This is evidence that the learning of the sages, even on those things which make up the main body of the Torah, are from their own opinion, for were it from Sinai, why would there be a rule to explicate everything that can be explicated? For about things from Sinai there can be no such explication–what was said at Sinai was said. And understand this well, for there are many such things.
In Medrash Tanaim on Deuteronomy 14: “Why were these things duplicated in Deuteronomy? The animals [were duplicated] because of theshesua, and the birds because of the ra’ah vulture–to teach you that a person should not be ashamed to say he had forgotten. It is an inference from minor to major–if Moses, the wisest of sages, father of the prophets, was not afraid to say he forgot, one who is not even one of a hundred thousand, of a million of his disciples’ disciples–how much more so should he not be afraid to say ‘I forgot’.”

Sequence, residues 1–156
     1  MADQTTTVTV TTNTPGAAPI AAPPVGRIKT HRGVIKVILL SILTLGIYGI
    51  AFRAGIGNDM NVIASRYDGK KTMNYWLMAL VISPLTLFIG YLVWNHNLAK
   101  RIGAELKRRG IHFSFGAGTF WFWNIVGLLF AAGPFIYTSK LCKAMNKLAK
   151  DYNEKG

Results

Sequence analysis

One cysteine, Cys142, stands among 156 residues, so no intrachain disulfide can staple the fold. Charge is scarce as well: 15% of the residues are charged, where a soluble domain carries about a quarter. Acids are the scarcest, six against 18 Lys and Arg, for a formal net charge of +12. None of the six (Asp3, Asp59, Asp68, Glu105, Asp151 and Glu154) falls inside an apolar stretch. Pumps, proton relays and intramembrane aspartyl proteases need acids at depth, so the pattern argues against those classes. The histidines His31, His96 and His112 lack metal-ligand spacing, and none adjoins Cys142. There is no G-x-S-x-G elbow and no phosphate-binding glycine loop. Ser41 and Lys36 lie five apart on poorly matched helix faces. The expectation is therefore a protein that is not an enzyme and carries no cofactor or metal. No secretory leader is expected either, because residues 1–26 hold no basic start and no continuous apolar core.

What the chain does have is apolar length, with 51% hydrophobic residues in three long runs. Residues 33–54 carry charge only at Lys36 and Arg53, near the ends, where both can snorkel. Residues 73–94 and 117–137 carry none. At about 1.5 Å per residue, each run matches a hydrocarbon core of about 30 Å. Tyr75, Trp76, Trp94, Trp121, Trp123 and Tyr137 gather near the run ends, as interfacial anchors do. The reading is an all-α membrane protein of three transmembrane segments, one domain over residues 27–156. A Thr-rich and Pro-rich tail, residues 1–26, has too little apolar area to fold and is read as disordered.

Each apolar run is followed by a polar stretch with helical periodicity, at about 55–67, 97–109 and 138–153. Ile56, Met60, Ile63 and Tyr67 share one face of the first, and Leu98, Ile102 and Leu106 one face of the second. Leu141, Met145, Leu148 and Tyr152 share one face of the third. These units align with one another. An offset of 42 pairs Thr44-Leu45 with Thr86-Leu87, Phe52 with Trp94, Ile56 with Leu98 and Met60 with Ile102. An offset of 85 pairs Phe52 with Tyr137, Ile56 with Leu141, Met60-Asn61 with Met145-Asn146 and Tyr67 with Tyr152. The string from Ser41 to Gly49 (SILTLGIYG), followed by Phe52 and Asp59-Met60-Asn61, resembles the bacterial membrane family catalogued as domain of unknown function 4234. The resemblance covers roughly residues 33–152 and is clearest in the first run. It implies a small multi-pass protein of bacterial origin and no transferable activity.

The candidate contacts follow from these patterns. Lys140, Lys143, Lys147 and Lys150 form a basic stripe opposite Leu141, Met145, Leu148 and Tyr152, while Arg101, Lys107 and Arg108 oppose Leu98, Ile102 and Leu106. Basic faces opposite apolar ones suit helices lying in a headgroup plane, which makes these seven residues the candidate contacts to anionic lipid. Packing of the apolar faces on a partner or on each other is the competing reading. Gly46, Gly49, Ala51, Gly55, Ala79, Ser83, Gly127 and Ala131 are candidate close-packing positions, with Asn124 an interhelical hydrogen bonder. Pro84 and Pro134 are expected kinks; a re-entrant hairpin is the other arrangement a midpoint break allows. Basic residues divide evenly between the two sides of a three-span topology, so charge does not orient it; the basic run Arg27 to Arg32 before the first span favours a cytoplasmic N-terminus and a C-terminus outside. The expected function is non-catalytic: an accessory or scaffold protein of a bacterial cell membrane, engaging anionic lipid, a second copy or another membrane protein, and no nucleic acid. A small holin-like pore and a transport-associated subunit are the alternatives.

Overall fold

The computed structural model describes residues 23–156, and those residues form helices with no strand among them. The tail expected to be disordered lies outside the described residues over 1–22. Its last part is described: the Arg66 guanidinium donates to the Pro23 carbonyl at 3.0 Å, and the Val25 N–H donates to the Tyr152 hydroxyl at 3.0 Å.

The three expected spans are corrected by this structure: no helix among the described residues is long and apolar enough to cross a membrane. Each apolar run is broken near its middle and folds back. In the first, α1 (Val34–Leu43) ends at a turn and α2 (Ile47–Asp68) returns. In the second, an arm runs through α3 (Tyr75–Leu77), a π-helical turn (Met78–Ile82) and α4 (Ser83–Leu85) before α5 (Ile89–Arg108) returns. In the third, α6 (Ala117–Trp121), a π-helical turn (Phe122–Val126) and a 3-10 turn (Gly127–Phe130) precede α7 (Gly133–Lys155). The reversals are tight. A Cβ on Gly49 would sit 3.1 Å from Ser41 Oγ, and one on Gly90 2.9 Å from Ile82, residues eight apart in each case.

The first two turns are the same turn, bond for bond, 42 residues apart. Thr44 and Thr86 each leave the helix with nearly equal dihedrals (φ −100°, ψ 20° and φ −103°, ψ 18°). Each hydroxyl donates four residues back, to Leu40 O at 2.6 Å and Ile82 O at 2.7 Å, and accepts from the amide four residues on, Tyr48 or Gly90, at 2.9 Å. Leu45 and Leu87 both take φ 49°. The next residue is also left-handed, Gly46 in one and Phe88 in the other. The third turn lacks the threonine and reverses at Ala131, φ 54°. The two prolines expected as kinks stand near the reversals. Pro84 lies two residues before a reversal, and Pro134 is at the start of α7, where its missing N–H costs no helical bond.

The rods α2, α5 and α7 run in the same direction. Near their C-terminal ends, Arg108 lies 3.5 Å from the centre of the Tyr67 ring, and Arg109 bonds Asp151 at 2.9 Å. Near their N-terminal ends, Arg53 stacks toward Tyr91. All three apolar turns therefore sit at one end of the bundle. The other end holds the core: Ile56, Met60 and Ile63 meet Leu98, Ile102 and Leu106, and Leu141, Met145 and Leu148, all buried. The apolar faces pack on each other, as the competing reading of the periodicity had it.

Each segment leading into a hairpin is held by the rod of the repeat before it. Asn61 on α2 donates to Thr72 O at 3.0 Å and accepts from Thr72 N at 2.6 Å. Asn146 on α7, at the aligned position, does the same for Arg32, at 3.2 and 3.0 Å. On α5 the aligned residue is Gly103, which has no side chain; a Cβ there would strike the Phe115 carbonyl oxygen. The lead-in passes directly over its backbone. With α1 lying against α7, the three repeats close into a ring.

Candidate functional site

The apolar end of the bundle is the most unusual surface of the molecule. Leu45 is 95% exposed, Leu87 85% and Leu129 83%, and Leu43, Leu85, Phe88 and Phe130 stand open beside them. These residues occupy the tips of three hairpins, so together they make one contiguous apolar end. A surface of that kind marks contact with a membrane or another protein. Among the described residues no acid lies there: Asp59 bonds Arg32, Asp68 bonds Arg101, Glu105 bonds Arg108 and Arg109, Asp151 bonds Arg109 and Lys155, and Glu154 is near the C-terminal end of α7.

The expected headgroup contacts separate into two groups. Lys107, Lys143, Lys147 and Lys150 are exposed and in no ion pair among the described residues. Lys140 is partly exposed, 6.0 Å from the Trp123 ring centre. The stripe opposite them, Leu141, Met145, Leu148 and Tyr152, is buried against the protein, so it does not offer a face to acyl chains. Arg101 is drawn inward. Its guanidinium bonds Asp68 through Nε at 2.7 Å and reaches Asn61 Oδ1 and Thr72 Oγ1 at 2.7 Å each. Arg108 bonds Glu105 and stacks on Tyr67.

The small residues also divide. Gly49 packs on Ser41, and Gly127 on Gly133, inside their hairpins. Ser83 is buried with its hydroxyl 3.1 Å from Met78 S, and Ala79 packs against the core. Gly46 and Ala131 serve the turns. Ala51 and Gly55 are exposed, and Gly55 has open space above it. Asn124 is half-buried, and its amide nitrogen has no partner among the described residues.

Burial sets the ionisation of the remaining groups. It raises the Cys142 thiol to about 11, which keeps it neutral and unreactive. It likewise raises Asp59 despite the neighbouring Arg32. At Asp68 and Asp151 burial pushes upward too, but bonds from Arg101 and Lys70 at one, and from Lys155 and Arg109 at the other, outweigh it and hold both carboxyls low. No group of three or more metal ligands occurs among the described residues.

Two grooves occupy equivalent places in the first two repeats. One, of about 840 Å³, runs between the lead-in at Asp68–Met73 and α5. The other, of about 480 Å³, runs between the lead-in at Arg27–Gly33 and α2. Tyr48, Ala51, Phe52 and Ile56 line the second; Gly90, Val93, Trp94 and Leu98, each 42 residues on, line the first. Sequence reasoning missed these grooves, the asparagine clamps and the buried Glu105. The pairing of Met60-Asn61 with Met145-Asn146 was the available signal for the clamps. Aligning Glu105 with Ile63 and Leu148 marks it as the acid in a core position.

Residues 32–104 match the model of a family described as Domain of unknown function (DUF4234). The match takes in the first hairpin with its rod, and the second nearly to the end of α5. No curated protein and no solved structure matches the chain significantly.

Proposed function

We have found something amazing in this Medrash! Moses wrote the section about the animals again because he forgot the shesua and thera’ah which G-d told him to write in Leviticus. When he remembered them, he decided to write them in Deuteronomy. So we learn that when it says “G-d said and Moses wrote” (Baba Batra 15), it does not mean he wrote it immediately at Sinai, but later on, and from memory. Some things he completely forgot to write and only later, when he remembered, did he repeat them in Deuteronomy. But who will reveal to us what he forgot and never did remember? The wise one will again be silent.
Let us return to the matter of birds. In Leviticus 20 birds are listed, but in Deuteronomy there are 21 (the ra’ah is the bird Moses forgot to write about in Leviticus). But Abaye, in Hulin 63b, gives a different explanation: The da’ah in Leviticus is the ra’ah of Deuteronomy. And yet another thing said Abaye: “And the dayah and ayah of its kind” are the same bird. Why did Moses repeat the names? As we have learned in the Baraita: “Rabbi says: ‘the Scripture saysayah, why does it also say dayah?’ [Rashi: it would have been enough to call it an ayah, for that is a dayah, so why also call it a dayah?] So that there should be no opening to dispute, so that one should not call it an ayah and another adayah–you’ll see written dayah and he’ll see ayah. Therefore in Deuteronomy it is written, “and the ra’ah and the ayah and dayah of its kind’.” (Therefore, according to Abaye, only 20 birds are listed in Deuteronomy.)